Family Honor Killings: Between Custom and State Law

Aref Abu-Rabia*
Ben-Gurion University of the Negev, Beer-Sheva, Israel 84105

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© 2011 Aref Abu-Rabia.

open-access license: This is an open access article distributed under the terms of the Creative Commons Attribution 4.0 International Public License (CC-BY 4.0), a copy of which is available at: ( This license permits unrestricted use, distribution, and reproduction in any medium, provided the original author and source are credited.

* Address correspondence to this author at the Ben-Gurion University of the Negev, Beer-Sheva, Israel 84105; Tel: 0544292892; Fax: 08-6472952; E-mail:


In this paper I will review some attitudes and perspectives regarding family honor killings, mainly in the Arab/Bedouin population in Israel, Sinai, and the Middle East in general. What is the difference between sharaf and 'ird? What deviant sexual behavior is considered a capital offense? How widespread is the use of honor killings, and what alternative sanctions are employed? Under which circumstances are compassion and mercy exercised? What kinds of solutions exist for such cases? The research also analyzes the conflicts that exist between custom and state law vis-a-vis family honor killings, and examines how court systems in Israel and elsewhere relate to murders committed to save family honor. The research illuminates the role of sheiks and the police in defusing tensions and saving lives, and explores how Arab leaders in Israel view and address honor killings.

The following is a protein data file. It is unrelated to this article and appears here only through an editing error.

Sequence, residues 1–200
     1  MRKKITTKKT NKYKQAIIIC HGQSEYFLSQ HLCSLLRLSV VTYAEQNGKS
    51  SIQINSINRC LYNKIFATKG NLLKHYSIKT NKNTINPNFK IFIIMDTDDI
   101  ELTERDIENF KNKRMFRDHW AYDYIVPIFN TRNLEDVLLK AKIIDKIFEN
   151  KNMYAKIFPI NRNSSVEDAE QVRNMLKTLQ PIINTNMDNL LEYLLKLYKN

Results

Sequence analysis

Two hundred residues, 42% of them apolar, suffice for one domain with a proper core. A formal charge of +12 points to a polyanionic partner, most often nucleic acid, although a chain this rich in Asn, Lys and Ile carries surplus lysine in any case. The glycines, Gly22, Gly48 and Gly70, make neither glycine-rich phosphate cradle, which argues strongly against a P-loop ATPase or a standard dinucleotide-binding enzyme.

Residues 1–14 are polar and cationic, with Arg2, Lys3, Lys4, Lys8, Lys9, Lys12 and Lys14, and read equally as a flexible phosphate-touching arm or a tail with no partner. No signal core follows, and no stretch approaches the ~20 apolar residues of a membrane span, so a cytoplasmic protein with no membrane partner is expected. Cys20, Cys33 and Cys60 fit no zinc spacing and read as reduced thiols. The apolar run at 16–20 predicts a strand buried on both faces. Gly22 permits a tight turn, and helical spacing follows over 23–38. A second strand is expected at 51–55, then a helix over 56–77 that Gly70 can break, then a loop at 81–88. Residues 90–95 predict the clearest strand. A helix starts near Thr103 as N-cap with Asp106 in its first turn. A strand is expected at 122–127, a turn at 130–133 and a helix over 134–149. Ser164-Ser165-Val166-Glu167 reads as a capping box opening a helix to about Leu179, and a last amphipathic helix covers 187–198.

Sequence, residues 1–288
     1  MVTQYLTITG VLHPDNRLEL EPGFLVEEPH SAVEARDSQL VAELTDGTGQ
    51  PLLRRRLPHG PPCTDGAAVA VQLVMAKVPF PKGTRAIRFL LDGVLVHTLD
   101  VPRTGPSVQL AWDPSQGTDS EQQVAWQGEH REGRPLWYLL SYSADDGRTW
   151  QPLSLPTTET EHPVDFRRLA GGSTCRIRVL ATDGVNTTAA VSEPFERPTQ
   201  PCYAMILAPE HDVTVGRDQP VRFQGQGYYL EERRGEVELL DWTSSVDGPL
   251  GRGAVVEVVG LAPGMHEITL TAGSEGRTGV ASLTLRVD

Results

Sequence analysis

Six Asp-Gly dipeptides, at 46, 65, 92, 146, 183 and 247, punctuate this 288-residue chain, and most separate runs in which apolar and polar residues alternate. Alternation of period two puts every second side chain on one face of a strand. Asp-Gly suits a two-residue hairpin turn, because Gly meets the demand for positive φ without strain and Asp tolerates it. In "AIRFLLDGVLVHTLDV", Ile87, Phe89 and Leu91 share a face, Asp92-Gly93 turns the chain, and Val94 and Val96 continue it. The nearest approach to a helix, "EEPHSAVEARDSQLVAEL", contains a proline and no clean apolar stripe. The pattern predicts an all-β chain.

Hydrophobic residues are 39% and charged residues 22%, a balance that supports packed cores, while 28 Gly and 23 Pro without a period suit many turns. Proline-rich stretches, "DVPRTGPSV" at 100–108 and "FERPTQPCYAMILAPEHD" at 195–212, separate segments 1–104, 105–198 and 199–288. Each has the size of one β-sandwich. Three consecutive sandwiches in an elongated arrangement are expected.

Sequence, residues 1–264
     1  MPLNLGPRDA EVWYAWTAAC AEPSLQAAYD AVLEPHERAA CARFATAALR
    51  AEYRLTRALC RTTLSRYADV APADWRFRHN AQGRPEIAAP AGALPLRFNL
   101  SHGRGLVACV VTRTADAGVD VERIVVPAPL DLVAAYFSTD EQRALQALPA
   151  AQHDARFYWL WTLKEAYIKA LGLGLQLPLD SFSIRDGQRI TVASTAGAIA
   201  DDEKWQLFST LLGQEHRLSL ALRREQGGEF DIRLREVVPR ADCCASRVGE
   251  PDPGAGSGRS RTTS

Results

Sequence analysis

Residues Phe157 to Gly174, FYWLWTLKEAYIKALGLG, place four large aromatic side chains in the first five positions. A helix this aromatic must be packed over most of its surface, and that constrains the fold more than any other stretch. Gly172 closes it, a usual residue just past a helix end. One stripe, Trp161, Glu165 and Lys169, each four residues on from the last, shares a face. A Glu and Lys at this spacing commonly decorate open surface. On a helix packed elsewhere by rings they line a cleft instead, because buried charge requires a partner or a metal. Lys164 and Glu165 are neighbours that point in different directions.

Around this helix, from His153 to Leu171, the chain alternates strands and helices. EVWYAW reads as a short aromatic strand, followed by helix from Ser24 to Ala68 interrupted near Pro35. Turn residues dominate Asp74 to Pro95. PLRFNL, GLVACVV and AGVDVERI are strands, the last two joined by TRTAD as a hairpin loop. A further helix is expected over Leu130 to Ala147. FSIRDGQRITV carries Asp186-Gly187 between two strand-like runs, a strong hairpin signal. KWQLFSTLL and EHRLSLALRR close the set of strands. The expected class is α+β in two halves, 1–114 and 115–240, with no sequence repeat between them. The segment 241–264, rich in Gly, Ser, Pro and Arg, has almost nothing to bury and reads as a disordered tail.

Keywords: Arab/Bedouin, Israel, honor killings, customs and law.